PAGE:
Calculating the percentage change of your investment is quite easy. All it takes is a little bookkeeping and either a simple calculator or a pad of paper for doing the long division. Here is what you need to do:
Take amount that you have gained on the investment and divide it by the amount invested. To calculate the gain, take the price for which you sold the investment and subtract from it the price that you initially paid for it. Now that you have your gain, divide the gain by the original amount of the investment. Finally, multiply your answer by 100 to get the percentage change in your investment.
If the percentage is negative, resulting from the market value being lower than the book value, you have lost on your investment. If the percentage is positive, resulting from market value being greater than book value, you have gained on your investment.
Here is what the formula looks like:
(Price Sold  Purchase Price) Ã· (Purchase Price)
For example, if you bought 100 shares of Intel Corp. (INTC) @ $30/share on May 18, 2016, your total investment value is $3,000. If you sold the 100 shares on May 17, 2017, for $38/share, your proceeds from the sale would be $3800. Your realized gain can be calculated as ($3800  $3000) / $3000 = 26.67%. Alternatively, you can calculate your gain using the per share price, which would look like ($38  $30) / $30 = 26.67%.
If you just want to know how much loss or gain you've made so far without selling, the same process works and you can use the current market price in the place of the price sold, but the gain (or loss) calculated would be an unrealized gain (or loss).
This basic formula is used every day to find out exactly how many percentage points indexes, stocks, interest rates, and so on have changed over a given period of time. For example, if the Dow Jones Industrial Average (DJIA) opens at 9,000 and closes at 9,300 today, the formula would show that the percentage change over the day was 3.33% [(9,300 â€“ 9,000) / (9,000)].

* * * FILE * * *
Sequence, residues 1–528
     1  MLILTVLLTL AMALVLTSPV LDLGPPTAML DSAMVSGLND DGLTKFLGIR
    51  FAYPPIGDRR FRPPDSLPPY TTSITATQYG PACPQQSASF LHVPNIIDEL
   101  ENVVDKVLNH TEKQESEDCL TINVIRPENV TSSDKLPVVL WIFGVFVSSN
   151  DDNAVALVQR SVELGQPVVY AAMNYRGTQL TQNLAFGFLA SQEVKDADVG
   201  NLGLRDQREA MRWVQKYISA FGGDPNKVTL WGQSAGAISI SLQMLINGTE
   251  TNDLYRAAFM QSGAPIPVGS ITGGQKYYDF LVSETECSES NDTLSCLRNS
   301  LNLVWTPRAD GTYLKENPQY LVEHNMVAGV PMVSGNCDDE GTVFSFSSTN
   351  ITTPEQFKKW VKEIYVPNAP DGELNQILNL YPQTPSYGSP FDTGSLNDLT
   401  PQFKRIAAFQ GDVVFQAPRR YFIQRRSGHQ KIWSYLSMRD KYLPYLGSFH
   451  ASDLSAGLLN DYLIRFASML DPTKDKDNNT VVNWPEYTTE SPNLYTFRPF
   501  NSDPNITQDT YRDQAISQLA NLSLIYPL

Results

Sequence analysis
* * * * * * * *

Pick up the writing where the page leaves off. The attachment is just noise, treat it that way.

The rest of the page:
However, investing does not come without costs and this should be reflected in the calculation of your percent gain or loss. The above is an illustration of the calculation without costs, such as commissions and taxes. To incorporate costs, reduce the gain (market price  price purchased) by the costs of investing. By incorporating these costs you will get a more accurate representation of your gain or loss.
Also, if your investment paid out any income or distributions, such as a dividend, you will need to add this amount to the gain amount.
Here is a more detailed way to calculate gain or loss:
[(Amount Sold  Amount Paid) + Income Gain  Costs] Ã· Amount Paid
Learn how to figure out your cost basis on an investment by reading How do I figure out my cost basis on a stock investment?

How do I calculate the percentage gain or loss for my portfolio when all of the stocks ...
Finding the total percentage gain or loss on a portfolio requires a few simple calculations. First, you should understand ... Read Answer >>

Investing
Calculating The Gain Or Loss On An Investment
Calculating the percentage of change in an investment is easy. Take the amount the investment gains and divide it by the amount invested. 
Financial Advisor
Top Tips for Deducting Stock Losses
Investors who know the rules can turn their losing picks into tax savings. Here's how to deduct your stock losses. 
Taxes
Tax Tips For the Individual Investor
Keep more of your money in your pocket with these seven guidelines. 
Taxes
Do You Have to Pay Taxes on Home Sales?
Taxes are only paid on home sales if your proceeds exceed a certain amount. 
Taxes
Capital Gains Tax 101
Find out how taxes are applied to your investment returns and how you can reduce your tax burden. 
Taxes
Here's How to Deduct Your Stock Losses From Your Tax Bill
Learn the proper procedure for deducting stock investing losses, and get some tips on how to strategically take losses to lower your income tax bill. 
Investing
Calculating The Means
Learn more about the different ways you can calculate your portfolio's average return. 
Investing
4 Behaviors That Sabotage Your Investment Goals
If you can't figure out why you're not achieving the returns you want, these behaviors might explain why. 
Managing Wealth
Tailoring Your Investment Plan
Start your own investing adventure with the help of some simple guidelines. 
Investing
Portfolio Management For the Under30 Crowd
Young investors have some advantages over their older counterparts. Read on to learn how to build a portfolio that will grow with you.

Purchase Price
The price that an investor pays for a security. This price is ... 
Paper Profit (Paper Loss)
Unrealized capital gain (or capital loss) in an investment. It ... 
Recognized Gain
When an investment or asset is sold for an amount that is greater ... 
Capital Gain
1. An increase in the value of a capital asset (investment or ... 
Capital Loss
The loss incurred when a capital asset (investment or real estate) ... 
Return
The gain or loss of a security in a particular period. The return ...